UNITED NATIONS (AP) — The United Nations special envoy for Syria was expected Friday to announce a date for the resumption of peace talks, as a United States-Russia negotiated “cessation of hostilities” was set to take effect at midnight local time.
Staffan de Mistura will brief the U.N. Security Council behind closed doors via videoconference from Geneva and then speak to reporters.
If the cessation of hostilities holds, it would mark the first time international negotiations have managed a pause in Syria’s five-year civil war.
The Security Council was expected to vote Friday on a draft resolution endorsing the cease-fire.
According to a draft obtained by The Associated Press, the resolution would urge the U.N. secretary-general to resume the peace talks “as soon as possible.”
The draft also expresses support for an international working group whose task is to “accelerate the urgent delivery of humanitarian aid,” with the goal of sustained and unimpeded aid access to all parts of Syria.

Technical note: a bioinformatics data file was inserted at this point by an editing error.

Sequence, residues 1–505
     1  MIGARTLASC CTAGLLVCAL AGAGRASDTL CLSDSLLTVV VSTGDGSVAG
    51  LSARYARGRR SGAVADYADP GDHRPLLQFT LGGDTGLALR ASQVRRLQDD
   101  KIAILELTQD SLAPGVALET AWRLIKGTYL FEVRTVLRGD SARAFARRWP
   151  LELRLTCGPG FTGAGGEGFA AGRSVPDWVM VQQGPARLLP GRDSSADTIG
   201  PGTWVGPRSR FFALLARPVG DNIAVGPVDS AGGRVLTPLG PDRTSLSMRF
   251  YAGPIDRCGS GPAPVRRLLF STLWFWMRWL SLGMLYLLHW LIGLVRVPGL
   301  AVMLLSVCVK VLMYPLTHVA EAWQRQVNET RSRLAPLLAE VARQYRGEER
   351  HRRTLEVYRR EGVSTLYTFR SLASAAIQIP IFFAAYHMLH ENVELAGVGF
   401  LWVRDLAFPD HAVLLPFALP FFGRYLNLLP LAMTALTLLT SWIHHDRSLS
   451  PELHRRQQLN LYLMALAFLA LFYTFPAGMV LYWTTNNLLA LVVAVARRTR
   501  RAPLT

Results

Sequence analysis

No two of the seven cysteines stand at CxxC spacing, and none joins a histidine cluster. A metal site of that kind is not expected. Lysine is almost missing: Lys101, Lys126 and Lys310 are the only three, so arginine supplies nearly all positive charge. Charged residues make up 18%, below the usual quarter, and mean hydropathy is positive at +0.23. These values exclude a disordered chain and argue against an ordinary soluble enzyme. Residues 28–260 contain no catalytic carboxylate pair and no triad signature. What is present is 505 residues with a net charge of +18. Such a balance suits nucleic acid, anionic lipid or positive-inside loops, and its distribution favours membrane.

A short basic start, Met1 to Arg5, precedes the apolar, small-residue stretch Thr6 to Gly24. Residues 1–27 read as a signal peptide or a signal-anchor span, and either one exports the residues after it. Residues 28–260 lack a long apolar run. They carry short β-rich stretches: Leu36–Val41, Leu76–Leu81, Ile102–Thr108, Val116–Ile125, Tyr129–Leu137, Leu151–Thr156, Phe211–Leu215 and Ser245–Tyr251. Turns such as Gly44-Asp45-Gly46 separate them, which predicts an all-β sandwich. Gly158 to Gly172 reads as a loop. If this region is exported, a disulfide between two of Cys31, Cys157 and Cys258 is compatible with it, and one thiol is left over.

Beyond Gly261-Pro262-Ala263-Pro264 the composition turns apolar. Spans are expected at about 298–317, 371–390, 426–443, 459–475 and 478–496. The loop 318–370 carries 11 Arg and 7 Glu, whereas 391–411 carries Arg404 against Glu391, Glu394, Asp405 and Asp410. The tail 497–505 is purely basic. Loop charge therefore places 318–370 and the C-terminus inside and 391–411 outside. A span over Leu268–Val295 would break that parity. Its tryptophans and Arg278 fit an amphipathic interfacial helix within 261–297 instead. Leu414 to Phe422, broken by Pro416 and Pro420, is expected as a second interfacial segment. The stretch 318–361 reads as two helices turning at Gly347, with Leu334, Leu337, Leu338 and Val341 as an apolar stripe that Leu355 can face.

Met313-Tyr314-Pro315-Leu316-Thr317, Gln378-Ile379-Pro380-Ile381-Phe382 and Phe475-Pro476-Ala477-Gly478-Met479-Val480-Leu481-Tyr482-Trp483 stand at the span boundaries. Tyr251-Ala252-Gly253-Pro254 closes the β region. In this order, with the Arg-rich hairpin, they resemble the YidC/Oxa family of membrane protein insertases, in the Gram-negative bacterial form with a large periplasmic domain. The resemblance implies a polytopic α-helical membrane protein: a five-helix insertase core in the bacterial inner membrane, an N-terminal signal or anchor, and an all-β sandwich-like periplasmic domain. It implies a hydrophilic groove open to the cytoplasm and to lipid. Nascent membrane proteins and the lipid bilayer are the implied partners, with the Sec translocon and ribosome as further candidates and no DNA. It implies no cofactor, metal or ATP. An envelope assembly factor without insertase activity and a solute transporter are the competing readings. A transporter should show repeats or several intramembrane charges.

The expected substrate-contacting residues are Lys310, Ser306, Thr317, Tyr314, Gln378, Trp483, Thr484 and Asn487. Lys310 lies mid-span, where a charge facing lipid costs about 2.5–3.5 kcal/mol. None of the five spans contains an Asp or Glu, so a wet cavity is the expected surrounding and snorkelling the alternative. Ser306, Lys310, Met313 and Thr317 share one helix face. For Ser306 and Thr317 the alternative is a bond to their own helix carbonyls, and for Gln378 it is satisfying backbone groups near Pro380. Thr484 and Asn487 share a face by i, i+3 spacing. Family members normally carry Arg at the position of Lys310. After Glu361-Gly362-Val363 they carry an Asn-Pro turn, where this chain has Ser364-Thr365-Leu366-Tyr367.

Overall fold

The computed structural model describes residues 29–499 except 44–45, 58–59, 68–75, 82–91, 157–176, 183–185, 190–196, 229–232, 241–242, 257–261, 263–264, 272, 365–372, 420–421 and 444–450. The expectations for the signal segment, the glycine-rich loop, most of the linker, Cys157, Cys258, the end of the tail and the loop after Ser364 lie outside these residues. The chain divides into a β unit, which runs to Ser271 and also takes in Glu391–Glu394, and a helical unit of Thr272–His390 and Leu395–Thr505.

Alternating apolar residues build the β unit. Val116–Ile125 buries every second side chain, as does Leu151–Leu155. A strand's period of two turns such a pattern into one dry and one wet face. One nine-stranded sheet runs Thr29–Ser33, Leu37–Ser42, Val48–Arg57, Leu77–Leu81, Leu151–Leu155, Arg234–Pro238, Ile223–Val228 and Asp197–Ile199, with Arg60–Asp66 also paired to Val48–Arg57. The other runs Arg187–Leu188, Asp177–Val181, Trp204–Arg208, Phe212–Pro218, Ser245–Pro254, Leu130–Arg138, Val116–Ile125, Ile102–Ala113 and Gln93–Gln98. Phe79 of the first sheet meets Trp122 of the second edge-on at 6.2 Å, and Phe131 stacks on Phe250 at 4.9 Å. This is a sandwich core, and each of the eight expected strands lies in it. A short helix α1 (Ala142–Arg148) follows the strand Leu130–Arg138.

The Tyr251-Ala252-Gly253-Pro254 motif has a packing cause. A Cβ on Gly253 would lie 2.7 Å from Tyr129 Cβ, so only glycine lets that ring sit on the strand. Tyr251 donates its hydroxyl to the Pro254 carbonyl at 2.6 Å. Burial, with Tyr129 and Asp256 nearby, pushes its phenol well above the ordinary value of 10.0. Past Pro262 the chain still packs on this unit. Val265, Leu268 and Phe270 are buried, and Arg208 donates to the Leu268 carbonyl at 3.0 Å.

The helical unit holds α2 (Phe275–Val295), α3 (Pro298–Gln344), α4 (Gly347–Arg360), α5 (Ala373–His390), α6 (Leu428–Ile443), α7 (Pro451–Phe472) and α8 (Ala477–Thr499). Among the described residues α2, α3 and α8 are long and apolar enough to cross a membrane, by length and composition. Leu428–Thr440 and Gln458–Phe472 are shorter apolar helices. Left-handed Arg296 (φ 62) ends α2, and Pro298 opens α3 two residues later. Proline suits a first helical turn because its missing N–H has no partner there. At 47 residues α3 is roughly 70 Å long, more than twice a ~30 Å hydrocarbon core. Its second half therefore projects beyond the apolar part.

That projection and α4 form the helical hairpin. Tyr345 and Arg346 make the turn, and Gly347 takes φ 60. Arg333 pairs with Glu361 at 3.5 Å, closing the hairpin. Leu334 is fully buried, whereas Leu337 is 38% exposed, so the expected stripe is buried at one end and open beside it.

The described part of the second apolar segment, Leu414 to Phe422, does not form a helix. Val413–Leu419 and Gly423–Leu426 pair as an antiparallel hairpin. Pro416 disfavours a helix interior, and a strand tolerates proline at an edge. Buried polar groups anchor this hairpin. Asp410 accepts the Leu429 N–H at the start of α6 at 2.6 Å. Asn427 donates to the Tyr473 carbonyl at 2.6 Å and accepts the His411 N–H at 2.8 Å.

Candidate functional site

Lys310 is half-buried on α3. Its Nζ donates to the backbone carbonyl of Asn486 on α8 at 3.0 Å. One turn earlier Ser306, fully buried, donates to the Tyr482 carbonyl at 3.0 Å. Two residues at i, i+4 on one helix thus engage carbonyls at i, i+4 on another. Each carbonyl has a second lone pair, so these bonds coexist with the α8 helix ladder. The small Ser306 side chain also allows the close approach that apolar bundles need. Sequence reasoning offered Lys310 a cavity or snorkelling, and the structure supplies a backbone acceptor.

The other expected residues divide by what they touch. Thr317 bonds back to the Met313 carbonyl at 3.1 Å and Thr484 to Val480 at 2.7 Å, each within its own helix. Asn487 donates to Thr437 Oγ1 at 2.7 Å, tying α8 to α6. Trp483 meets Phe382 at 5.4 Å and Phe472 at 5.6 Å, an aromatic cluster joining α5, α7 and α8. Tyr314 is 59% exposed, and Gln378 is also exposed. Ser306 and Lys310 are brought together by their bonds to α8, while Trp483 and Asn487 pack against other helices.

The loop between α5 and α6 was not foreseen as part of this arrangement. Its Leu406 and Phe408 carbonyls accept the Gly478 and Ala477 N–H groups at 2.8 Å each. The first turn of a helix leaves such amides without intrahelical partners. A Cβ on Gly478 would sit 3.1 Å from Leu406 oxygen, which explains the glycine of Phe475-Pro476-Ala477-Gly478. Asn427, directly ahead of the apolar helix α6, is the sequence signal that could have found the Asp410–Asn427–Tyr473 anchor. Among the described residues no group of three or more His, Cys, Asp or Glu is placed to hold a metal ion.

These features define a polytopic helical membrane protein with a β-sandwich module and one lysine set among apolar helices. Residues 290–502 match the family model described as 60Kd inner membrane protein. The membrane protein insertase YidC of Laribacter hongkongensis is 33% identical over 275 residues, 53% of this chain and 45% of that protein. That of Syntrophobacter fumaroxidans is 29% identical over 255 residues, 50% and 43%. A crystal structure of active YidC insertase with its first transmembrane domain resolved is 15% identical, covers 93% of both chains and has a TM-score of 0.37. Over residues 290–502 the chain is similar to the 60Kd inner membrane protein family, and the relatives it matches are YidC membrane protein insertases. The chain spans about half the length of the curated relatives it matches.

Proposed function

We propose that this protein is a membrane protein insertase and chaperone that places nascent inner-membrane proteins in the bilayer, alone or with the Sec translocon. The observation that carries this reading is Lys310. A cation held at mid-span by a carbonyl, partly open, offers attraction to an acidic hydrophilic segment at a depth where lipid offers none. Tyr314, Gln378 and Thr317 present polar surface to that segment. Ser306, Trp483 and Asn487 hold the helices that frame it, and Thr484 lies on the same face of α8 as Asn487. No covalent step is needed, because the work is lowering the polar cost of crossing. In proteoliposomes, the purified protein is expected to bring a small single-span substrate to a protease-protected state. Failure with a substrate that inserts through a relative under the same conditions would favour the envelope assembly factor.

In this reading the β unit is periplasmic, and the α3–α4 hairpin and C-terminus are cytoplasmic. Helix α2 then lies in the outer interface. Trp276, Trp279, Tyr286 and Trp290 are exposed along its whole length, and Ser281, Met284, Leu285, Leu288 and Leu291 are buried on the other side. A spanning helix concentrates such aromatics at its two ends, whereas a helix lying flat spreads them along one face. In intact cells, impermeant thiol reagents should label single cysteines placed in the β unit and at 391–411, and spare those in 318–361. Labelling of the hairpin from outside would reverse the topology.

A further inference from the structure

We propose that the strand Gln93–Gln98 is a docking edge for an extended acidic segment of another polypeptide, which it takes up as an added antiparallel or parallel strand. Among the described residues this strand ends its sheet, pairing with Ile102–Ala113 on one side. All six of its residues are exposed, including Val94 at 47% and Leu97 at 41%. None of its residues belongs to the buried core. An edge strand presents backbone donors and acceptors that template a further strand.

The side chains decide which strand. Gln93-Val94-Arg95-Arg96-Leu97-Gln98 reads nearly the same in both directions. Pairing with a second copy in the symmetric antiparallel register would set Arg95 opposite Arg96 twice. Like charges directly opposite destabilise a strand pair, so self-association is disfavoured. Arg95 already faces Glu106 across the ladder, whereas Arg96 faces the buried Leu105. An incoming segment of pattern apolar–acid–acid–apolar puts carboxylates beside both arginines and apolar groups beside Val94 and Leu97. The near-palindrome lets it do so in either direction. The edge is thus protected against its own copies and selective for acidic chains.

That includes areas where hundreds of thousands of people find themselves besieged, most of them by Syrian government forces or the Islamic State group.
For the cease-fire to succeed, multiple armed factions will have to adhere to its terms.
The Syrian government and a leading opposition bloc have agreed to the cessation of hostilities, but the accord excludes U.N.-designated terrorist groups like the Islamic State and Nusra Front, which hold swaths of Syrian territory.
Warplanes on Friday continued to launch airstrikes against rebel-held positions in the suburbs of the Syrian capital and near the northern city of Aleppo. A spokesman for the U.N. secretary-general acknowledged “an increase of military activity across the board in Syria” in the hours leading up to the cease-fire.
“It’s tragic but unfortunately not surprising,” Stephane Dujarric said, adding: “The only thing that is required is for people to take their fingers off the trigger.”
Keaten reported from Geneva.
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